Hmm. Thousands of dollars and countless hours of work. A waste. Geez – not the most cheery thought as I walked toward my diploma!
As I sat among the rows of people with black robes and silly hats, I glanced over the graduation program. And my eyes fell on this Scripture on the back cover:
For me, it was the sweetest moment of affirmation. The Word doesn’t say “press on to the most logical step” or “press on toward what makes you professional and significant” or “press on toward a job.” No, the Holy Spirit reminded me that my goal is the prized upward call of Christ. Certainly my classmates, in their pursuit of becoming Christian counselors, were also seeking God’s will and His Kingdom purposes. Having received the same rigorous training, I highly appreciate and respect their very important ministries. But the call of Christ for me was to be different, and in that moment God reassured me that it was good. Underneath the uniform black robes and silly hats, all of us graduates were created uniquely for God’s personalized plans.
The prize lies wherever Christ’s love compels us. It may be in a counseling practice, the backstreets of town, an orphanage in China, your kitchen, a Bible study, your office, the yard that connects you with your neighbor, or a nursing home. When Christ’s love compels you and you go, nothing is wasted.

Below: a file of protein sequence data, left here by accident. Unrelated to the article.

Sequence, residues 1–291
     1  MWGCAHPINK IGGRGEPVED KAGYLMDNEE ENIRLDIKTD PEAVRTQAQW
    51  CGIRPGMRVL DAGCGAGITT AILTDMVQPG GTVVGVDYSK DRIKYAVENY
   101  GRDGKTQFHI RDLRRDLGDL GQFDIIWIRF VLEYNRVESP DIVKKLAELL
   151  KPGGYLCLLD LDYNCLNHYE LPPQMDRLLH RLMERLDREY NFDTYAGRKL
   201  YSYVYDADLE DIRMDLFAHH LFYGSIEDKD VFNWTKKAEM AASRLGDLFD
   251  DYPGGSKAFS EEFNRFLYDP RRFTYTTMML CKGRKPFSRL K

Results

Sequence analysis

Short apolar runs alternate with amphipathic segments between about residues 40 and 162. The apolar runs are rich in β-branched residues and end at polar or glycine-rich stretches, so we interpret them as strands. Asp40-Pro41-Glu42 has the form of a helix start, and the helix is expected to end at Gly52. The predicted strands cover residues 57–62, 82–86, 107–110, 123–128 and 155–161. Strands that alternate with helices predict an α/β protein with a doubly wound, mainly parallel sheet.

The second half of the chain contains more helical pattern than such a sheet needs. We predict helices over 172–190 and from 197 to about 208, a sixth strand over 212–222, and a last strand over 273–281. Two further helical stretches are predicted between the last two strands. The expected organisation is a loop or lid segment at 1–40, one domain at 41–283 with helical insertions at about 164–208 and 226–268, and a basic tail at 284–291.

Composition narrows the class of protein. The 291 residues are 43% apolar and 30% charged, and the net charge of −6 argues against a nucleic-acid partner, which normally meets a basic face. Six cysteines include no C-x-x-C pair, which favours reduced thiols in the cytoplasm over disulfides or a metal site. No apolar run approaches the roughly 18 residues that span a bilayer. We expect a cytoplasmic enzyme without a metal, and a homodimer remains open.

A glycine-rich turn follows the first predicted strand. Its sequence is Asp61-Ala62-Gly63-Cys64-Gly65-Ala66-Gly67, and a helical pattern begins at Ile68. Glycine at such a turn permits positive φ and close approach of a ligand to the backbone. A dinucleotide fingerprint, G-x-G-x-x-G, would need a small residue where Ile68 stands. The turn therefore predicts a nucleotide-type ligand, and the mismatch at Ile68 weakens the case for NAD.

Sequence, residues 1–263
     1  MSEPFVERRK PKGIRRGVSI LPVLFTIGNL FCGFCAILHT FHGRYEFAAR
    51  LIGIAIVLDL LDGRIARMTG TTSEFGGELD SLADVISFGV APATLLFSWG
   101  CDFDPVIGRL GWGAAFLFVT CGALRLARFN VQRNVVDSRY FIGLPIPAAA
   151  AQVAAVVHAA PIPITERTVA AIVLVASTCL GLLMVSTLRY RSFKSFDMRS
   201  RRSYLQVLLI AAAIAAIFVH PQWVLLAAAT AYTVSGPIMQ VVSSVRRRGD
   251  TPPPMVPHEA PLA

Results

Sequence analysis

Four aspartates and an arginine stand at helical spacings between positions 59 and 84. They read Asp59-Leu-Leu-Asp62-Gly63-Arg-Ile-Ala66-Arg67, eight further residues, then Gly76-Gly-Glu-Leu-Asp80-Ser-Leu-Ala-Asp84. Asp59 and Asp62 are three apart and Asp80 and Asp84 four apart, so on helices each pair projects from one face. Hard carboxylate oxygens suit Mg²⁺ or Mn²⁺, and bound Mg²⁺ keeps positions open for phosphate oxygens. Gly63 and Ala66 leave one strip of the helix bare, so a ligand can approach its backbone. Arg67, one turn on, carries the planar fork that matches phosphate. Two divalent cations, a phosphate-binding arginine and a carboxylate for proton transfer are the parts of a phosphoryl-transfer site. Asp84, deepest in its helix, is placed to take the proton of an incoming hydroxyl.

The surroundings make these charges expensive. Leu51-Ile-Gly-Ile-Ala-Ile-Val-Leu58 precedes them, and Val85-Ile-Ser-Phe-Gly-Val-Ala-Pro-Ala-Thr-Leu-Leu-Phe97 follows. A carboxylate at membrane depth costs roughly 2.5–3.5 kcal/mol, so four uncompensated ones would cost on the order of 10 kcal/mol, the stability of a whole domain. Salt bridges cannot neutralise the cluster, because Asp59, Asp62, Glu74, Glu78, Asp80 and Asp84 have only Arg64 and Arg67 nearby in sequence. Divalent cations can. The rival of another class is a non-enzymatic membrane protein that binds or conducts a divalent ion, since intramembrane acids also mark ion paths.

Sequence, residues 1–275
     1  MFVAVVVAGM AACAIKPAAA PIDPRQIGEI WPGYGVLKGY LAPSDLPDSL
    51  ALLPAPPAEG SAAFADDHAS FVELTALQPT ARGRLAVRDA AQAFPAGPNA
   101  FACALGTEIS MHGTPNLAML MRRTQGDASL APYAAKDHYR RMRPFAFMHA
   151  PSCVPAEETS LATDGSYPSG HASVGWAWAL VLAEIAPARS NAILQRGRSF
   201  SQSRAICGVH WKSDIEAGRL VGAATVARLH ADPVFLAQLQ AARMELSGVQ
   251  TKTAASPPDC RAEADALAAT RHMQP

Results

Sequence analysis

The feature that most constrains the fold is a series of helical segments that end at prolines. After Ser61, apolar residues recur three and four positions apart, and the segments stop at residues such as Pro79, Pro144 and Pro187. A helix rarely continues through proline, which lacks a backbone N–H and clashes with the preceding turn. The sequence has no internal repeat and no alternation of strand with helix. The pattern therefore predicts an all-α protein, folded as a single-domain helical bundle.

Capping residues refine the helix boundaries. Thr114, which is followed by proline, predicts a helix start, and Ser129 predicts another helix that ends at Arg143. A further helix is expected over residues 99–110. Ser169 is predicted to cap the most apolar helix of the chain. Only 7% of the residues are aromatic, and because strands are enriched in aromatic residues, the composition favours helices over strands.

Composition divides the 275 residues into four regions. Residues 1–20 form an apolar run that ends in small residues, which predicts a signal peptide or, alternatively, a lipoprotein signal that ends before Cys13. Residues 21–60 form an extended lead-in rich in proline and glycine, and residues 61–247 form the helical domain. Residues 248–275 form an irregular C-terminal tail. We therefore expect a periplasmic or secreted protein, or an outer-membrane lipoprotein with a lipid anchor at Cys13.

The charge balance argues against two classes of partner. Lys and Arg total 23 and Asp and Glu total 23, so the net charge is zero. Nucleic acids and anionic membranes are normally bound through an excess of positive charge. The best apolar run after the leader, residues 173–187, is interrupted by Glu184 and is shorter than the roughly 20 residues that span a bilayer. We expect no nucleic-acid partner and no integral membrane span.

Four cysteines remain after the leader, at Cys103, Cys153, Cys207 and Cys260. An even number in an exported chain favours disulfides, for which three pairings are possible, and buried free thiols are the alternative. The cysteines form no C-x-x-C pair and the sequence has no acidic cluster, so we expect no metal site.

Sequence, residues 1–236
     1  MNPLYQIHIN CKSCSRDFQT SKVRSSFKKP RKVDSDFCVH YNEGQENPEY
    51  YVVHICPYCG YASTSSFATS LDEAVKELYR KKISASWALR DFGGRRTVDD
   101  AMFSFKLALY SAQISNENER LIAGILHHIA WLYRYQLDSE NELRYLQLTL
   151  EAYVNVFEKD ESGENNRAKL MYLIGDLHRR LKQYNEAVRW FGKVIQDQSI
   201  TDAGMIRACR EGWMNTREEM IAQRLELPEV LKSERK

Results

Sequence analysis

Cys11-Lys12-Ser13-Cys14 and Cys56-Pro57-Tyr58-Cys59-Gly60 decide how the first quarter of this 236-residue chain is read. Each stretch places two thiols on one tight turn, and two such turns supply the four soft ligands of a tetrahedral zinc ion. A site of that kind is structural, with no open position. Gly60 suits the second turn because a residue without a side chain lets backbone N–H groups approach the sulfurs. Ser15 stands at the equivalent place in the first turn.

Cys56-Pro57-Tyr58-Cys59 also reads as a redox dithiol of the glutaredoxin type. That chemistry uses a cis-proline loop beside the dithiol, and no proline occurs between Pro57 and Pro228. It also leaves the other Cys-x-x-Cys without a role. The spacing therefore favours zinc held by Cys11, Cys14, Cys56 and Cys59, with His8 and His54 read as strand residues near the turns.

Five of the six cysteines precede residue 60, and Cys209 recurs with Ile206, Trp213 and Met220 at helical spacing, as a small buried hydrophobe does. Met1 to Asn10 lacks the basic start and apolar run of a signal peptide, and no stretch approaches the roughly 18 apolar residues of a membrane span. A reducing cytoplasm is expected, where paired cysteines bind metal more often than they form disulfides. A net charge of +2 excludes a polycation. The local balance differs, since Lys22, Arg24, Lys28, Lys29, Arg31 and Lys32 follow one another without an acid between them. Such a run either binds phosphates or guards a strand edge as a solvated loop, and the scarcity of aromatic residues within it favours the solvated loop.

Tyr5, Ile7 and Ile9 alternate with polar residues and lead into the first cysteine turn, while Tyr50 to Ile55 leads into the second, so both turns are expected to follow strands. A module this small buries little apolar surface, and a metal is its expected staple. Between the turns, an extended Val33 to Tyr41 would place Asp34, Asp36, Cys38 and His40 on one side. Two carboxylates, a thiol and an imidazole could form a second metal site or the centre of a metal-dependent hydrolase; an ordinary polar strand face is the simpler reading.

So, fast forward two years, and I am sitting at a friend’s graduation from seminary. Honestly, the speaker doesn’t capture my interest this time, but I do remember one thing he has to say: “God doesn’t use a measuring stick.”
I think about that as I drive home, having congratulated my friend and having spoken with several familiar people who asked, “So, what are you doing now?” With all honesty, I replied that I happily love my family, serve my church, and volunteer at a hospital and a nursing home. Only one person asked why I’m not using my training. It doesn’t really bother me. I’m slowly learning that while a paid position could be really nice, it doesn’t validate me or my degree.
God doesn’t use a measuring stick. The same is true for you. God’s love and purpose for you doesn’t depend on what you have or haven’t accomplished. As Theodore Roosevelt said, “Comparison is the thief of joy.” When Christ’s love compels you and you go, it’s joyfully significant. My sweet husband and I trust that one day we’ll see an eternal return for our investment.